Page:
Three Snowy owls on the 30th
Just before New Year’s Eve, I headed east and ended up spending all of the daylight hours on the prairies. During the day I came across three Snowy owls in separate locations. The first was perched on a telephone pole keeping an eye on the coming dawn and the snow below. She flew in front of me when a loud truck passed by which afforded me a great angle to photograph her.
She glided to a fence post in the middle of a nearby field. On her way she crossed the eastern sky which framed her wonderfully.
With a great start now in hand, I carried on and ended up returning to the field where I have been fortunate to photograph one Snowy a few times (one, two, three and four) already this winter. I found that owl about an hour after sunrise. She was comfortably resting on another telephone pole. I say comfortably because she stayed in the same spot for the next 85 minutes.
Happily for me, it was not the deep freeze we have had regularly so far this winter so I was relatively comfortable while I waited.
A couple more hours went by after that, punctuated by three flights between high points around the field. That’s a lot of waiting for a little action but I don’t mind. I certainly have a lot of time to let my mind wander and to think about things at length – a luxury these days. And, when the launch occurs, I love watching Snowy owls in flight. Especially when they are framed against a clear blue sky.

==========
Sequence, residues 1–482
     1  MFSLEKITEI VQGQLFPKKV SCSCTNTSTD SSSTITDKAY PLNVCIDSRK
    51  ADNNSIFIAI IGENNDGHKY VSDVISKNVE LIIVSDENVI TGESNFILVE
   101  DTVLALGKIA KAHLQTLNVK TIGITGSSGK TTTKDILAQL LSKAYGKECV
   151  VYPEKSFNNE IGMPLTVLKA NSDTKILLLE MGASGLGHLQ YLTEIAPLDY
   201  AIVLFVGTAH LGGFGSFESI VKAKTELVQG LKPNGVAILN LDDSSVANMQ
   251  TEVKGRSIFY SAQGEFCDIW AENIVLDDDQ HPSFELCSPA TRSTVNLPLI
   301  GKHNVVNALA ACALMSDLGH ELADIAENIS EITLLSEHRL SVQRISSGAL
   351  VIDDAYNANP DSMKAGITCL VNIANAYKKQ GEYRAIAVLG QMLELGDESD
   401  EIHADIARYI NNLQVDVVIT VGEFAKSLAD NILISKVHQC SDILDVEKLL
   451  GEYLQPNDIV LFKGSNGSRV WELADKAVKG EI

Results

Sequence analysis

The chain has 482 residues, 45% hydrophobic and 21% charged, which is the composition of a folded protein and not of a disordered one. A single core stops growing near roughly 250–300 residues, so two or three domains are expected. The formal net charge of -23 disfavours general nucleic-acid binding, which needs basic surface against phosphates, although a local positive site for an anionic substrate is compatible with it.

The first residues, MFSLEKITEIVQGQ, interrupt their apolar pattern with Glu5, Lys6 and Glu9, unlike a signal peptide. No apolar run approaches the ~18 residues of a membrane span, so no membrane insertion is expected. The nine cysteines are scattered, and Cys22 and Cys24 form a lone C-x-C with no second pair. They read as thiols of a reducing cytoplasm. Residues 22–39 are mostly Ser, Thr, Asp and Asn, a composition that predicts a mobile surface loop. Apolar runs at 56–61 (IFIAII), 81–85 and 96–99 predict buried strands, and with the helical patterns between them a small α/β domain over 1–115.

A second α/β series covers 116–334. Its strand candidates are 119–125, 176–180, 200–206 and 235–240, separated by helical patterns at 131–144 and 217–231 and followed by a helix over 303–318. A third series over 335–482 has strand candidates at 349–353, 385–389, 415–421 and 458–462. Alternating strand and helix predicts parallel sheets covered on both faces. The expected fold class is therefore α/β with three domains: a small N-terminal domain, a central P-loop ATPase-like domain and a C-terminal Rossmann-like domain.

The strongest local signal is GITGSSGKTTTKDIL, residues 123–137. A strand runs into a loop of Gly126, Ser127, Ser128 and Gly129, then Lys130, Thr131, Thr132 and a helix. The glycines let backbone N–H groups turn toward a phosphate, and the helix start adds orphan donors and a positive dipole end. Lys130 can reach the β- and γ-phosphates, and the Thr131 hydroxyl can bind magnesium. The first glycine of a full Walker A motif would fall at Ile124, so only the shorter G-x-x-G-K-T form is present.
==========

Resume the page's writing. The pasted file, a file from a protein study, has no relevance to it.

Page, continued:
I hope for a look from the owl during these flights – eye contact makes for more compelling images but often that doesn’t happen as they fly in the wrong direction or have their eyes focused on something else. Look or no look, I enjoy watching and click when I see an interesting wing angle, body position or something else that seems interesting to me.
The days are short at this time of the year so it felt like late afternoon came quickly. Along with it came some wonderful light and I found the third owl perched on a fence post a mile or so from the other Snowy.
I do not think I have seen this one before and she stared intently at me for a minute like I was a stranger. Then she went back to scanning the field behind her in the image above. Soon after she flew, glided across the field, caught something in the snow and flew up to tree to dine. That all happened far away from me so I carried on to try to take advantage of the warm sunlight. I didn’t find anything else before the sun went down but enjoyed watching the color rise up into the sky.
Eventually I returned past the last owl’s field and now she was perched in a tree closer to the road. I got out hoping to photograph her silhouette against the sunset. Her profile in the tree was not great from my position so I waited to see if something would fall into place. After a little bit she leaned forward and then dropped off her perch to fly over the field. That was my last photograph of the owls and tied off a pretty good day on the prairies.